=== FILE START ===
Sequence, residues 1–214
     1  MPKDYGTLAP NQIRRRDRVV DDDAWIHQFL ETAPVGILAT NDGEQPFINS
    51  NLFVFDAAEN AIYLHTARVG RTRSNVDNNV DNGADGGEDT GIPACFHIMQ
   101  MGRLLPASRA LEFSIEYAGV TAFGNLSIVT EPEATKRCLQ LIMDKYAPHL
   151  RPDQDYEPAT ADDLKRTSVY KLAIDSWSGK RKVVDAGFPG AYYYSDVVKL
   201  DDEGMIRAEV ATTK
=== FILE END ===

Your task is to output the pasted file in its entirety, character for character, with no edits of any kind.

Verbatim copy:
Sequence, residues 1–214
     1  MPKDYGTLAP NQIRRRDRVV DDDAWIHQFL ETAPVGILAT NDGEQPFINS
    51  NLFVFDAAEN AIYLHTARVG RTRSNVDNNV DNGADGGEDT GIPACFHIMQ
   101  MGRLLPASRA LEFSIEYAGV TAFGNLSIVT EPEATKRCLQ LIMDKYAPHL
   151  RPDQDYEPAT ADDLKRTSVY KLAIDSWSGK RKVVDAGFPG AYYYSDVVKL
   201  DDEGMIRAEV ATTK